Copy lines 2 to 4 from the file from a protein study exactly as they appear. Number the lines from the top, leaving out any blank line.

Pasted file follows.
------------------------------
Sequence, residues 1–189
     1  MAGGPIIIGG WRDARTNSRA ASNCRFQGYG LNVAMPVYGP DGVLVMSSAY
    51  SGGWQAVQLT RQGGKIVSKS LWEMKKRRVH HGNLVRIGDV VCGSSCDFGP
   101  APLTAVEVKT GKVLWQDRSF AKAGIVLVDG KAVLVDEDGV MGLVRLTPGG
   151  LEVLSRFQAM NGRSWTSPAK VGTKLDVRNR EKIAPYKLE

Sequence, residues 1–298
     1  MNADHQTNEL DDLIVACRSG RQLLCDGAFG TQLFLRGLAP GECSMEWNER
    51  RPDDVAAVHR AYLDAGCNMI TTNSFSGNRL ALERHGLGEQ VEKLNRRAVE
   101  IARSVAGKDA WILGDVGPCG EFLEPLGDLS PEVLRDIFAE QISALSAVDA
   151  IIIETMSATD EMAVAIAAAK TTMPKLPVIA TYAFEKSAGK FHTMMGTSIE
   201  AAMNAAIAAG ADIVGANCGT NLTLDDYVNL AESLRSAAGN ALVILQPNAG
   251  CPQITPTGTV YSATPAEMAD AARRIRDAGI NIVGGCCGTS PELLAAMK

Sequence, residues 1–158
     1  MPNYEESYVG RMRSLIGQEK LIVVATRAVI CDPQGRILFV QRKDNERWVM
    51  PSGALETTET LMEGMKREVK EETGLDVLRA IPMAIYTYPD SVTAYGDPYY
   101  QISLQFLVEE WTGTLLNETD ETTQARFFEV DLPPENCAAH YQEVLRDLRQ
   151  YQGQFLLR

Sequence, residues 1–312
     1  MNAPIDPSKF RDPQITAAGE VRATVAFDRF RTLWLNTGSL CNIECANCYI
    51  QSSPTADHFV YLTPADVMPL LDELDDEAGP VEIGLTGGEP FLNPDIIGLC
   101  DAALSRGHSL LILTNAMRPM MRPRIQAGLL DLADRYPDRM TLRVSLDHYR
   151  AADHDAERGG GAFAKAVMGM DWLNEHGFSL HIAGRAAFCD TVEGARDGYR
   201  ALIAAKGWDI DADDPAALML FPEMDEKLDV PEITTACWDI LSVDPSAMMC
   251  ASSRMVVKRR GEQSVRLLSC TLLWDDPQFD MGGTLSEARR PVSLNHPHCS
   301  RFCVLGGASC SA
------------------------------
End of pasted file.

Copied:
     1  MAGGPIIIGG WRDARTNSRA ASNCRFQGYG LNVAMPVYGP DGVLVMSSAY
    51  SGGWQAVQLT RQGGKIVSKS LWEMKKRRVH HGNLVRIGDV VCGSSCDFGP
   101  APLTAVEVKT GKVLWQDRSF AKAGIVLVDG KAVLVDEDGV MGLVRLTPGG